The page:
There was only 1.4Mb of data in total, but split across no less than 318 requests across 68 domains, including 12 404s from *.dailymail.co.uk, erk!

But digging further I found that the site did not just perform badly – it's probably illegal.

In addition to (what appears to be) the usual 4 Google Analytics cookies, my browser also acquired session cookies from .thisismoney.co.uk, .rubiconproject.com, b3-uk.mookie1.com (x2), .crwdcntrl.net (x2) and.......129 cookies with future expiry dates.

FFS!

(a full list appears below)

For the benefit of any readers outside the European Union, member countries must all implement a set of LAWS (not rules, or guidelines) regarding the use of any data stored on a computer, including cookies. In the UK, these are described by the Privacy and Electronic Communications (EC Directive) (Amendment) Regulations 2011, which websites were required to implement in 2012.

Did the Daily Mail inform me that it was going to store these cookies?

No

Did the Daily Mail ask for my consent to store these cookies?

No

Did the Daily Mail provide any information about cookies on the page?

No

Did the Daiy mail provide a link to their privacy policy on the page?

Yes, in teeny-weeny text – the very last visible element on the page.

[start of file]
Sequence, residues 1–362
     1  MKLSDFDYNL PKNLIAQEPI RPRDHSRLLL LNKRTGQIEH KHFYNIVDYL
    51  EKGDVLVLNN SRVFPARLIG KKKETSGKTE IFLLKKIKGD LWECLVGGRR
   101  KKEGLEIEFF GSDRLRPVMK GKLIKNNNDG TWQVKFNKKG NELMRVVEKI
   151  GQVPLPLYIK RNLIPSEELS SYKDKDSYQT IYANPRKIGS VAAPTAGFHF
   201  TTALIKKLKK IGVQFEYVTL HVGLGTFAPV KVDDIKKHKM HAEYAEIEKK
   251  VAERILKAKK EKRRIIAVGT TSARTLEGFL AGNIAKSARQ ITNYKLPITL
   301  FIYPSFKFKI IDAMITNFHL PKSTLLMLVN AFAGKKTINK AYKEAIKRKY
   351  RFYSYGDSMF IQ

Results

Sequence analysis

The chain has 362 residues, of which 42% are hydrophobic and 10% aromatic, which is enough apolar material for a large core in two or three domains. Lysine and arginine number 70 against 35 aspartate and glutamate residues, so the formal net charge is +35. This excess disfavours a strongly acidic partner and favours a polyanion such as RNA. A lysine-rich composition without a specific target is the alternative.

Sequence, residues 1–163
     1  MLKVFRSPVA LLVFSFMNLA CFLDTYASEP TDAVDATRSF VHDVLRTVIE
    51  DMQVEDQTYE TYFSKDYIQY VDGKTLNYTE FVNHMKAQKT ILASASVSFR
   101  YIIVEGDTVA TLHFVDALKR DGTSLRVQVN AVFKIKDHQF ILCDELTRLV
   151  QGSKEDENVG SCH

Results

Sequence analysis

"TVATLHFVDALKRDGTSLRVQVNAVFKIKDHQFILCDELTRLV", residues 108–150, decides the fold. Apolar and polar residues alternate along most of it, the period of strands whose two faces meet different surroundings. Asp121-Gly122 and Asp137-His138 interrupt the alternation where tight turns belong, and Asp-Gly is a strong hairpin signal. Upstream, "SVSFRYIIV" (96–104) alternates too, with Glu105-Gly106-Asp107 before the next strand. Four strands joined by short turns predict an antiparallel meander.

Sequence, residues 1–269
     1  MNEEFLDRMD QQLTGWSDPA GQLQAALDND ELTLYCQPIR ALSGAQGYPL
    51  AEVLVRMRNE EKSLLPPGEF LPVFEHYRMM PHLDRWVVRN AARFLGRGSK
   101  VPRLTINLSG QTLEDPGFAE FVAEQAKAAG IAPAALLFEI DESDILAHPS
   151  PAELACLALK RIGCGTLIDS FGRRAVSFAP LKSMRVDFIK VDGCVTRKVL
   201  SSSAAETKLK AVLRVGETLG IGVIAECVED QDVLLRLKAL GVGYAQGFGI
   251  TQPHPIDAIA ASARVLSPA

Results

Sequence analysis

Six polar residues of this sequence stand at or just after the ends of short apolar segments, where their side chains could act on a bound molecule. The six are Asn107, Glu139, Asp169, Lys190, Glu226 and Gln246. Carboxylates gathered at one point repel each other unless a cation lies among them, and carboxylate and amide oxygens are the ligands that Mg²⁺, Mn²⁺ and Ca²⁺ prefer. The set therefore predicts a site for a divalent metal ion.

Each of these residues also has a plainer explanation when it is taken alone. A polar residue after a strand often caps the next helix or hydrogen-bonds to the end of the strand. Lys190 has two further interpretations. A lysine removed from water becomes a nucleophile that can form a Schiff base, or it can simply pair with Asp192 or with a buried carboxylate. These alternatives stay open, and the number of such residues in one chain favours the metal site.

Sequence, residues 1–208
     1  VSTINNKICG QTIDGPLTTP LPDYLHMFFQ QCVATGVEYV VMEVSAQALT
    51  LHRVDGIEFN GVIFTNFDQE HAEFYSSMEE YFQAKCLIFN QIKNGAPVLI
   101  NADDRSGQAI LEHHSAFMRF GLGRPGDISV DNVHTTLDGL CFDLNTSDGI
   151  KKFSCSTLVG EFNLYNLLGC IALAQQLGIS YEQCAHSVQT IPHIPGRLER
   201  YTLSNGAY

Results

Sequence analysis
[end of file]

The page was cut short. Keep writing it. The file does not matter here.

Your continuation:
Did the Daily Mail offer me a chance to opt-out of accepting the cookies?

No

Is this a world record?

Maybe?



In the absence of any means to tell the Daily Mail I don't want their cookies via their website, I thought I would use the method built into my browser (although the cookie law does require that I should not have to jump through these hoops for compliance). So I enabled the do-not-track feature in Firefox deleted the cookies and cache, hit the reload button, waited a further 44 seconds (my ISP has transparent caching).....


Can you guess what happenned next?


All the cookies came back again.

The challenge

Do you know of a worse site than this for dumping cookies? Add a comment and a link to your analysis and I'll publish it.

Monday, 16 September 2013

Zend Optimizer Plus - still not following the party line

Having previously failed to get a significant difference in benchmarks between PHP 5.3 and 5.5, I was successful in establishing that the optimizer was producing code which ran slightly faster (about 2% with DokuWiki).

This time I tried ramping up the concurrency to see if PHP could deliver on its performance promises.

Running

ab -n 12000 -c $X http://localhost/src/doku.php

For $X in [10,50,100,200,300,400,500,600,700,800]  I got....